I have tryed before to quote scripture at them but even that fails.

I might try again just to amuse myself.

BBIM:

I think "bubble boy" has just about worn me out. I will let others harrass him at their liesure now.It's the old 'keep at 'em until they surrender' ploy.

If you answer him, he'll think he has valid points. If you don't, he'll declare victory. If you ban him, he'll declare victory.

Only the passage of years will wake up a teenage boy.

I call him 'bubble boy', because he had no clue that his hero was up on charges, BTW.

remy:

I have tryed before to quote scripture at them but even that fails.It's good for the odd amusement now & again, but I had a conversation w/David Eller at the West Coast meet this year, & he told me on our shuttle ride, that if you 'argue the bible w/them [xtians], it's more a form of reinforcement. They usually remember the discussion was about the BIBLE more often than not'. (paraphrase)

Plus, some of them pull an allegorical nod to their 'holy' book out of the entire thing.

So I try to steer away from that these days, though I indulge myself from time to time.

I have read through bubble boy's ranting and the urge to engage went, pop!

Have you been following the threads at philaletheia with drunkentune and beep?

remy:

Actually, I haven't been looking at philaletheia. Hmmm...

KA,

I can’t speak to the validity of the represented figures, as I have neither been to the website or watched the video. However, it is possible and common to reach percentiles in excess off 100%

You stated:

“By saying that birth rates are up 100% among unwed girls, this is effectively stating that every single unwed girl is pregnant.”It is possible to say that birth rates increased 100% and not mean that every single unwed girl is pregnant. I think you’re failing to distinguish between figures representative of a whole vs. figures representative of change.

For example, you cannot eat more that 100% of a pizza (as a whole). If someone said that they ate 110% of a pizza you would think their nuts; and I think this is what you were getting at. However, if on Monday, someone ate 2 pieces of pizza and one Tuesday the same person ate 6 pieces of pizza; they increased their pizza consumption by 300%. Let me see if I can show this for you:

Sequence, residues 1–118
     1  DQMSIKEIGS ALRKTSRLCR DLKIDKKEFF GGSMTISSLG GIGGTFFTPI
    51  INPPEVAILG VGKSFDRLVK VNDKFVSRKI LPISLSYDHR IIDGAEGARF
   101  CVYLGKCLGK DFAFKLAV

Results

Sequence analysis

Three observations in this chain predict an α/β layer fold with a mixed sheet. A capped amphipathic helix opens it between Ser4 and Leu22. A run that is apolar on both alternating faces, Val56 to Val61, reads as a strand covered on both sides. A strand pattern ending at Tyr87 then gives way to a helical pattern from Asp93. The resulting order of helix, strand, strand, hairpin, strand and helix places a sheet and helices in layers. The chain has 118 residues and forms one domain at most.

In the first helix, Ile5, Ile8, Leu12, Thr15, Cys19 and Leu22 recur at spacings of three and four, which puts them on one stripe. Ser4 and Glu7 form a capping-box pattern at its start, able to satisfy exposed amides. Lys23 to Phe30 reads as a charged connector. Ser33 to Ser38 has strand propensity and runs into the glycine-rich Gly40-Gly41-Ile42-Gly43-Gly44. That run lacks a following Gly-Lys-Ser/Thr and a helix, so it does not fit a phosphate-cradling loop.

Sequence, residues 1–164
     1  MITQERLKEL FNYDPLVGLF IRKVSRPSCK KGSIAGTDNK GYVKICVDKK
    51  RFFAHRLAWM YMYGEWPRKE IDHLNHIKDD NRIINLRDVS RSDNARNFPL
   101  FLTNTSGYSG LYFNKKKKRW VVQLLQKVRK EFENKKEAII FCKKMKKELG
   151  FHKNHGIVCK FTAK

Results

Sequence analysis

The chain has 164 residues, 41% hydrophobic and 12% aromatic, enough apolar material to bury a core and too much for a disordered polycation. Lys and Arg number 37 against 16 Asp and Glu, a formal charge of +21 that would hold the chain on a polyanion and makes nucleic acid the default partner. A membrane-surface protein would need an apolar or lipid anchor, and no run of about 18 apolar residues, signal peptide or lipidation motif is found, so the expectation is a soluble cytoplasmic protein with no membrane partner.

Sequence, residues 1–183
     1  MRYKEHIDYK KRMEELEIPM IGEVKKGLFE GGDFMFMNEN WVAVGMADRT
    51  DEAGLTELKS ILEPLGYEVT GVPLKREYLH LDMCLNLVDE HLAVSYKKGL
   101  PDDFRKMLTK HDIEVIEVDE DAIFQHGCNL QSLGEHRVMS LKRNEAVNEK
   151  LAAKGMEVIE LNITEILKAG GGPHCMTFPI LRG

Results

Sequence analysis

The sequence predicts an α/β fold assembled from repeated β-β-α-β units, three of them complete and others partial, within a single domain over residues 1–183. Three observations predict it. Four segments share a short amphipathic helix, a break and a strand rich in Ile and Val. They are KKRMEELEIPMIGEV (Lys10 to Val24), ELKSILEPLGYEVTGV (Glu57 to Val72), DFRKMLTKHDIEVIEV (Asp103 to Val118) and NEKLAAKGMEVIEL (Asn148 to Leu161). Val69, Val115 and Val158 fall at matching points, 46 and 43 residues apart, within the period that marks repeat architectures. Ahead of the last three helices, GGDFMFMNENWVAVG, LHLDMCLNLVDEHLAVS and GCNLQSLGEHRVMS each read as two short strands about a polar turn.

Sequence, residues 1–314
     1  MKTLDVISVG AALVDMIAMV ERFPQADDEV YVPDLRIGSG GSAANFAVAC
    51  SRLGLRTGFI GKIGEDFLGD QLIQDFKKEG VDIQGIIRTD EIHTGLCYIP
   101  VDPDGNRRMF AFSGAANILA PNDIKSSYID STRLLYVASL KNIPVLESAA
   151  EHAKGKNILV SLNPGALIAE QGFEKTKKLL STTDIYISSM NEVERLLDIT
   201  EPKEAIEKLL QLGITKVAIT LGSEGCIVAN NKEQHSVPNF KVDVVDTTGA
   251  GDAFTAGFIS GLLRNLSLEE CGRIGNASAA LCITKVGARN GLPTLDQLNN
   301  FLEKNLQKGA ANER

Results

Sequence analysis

Monday: 2 pieces of Pizza = 100% consumption

Therefore:

4 pieces of Pizza = 200% of consumption (or twice as much)

6 pieces of Pizza = 300% of consumption (or three times as much) etc….

This can be done without eating 100% of the Pizza (say if the pizza was 12 pieces)

If the pizza was 12 pieces, only 50% was eaten, even though here was an increase in pizza consumption of 300% between Monday and Tuesday.

But whether or not Gonorrhea is up 385% I don’t know, but it’s mathematically possible from X date to X date.

But then again, I do fall into your category of “retard”

Take care

BF:

I can’t speak to the validity of the represented figures, as I have neither been to the website or watched the video. However, it is possible and common to reach percentiles in excess off 100%Not in demographic studies.

It is possible to say that birth rates increased 100% and not mean that every single unwed girl is pregnant. I think you’re failing to distinguish between figures representative of a whole vs. figures representative of change.I’d really like to see any kind of demographic studies that illustrate a 100% increase or more, i.e., in behavior, etc. You also have to factor in increase in the population, don’t you?

For example, you cannot eat more that 100% of a pizza (as a whole). If someone said that they ate 110% of a pizza you would think their nuts; and I think this is what you were getting at. However, if on Monday, someone ate 2 pieces of pizza and one Tuesday the same person ate 6 pieces of pizza; they increased their pizza consumption by 300%.You can have an increase in consumption: hell, you can even have an increase in population that exceeds 100%. But when you delve into a population’s actual demographics, you have to judge between specific dates. You don’t add the percentages from 1 year to another, and come up w/a total of percentages. It’s contingent on a number of matters also. Are these annual numbers? What’s the yearly curve? Years, biannual, decades? You calculate from 1 year to the next: Wow! Numbers are up 1000%! However, in the interests of accuracy, if you include a spread of a decade, it changes tremendously.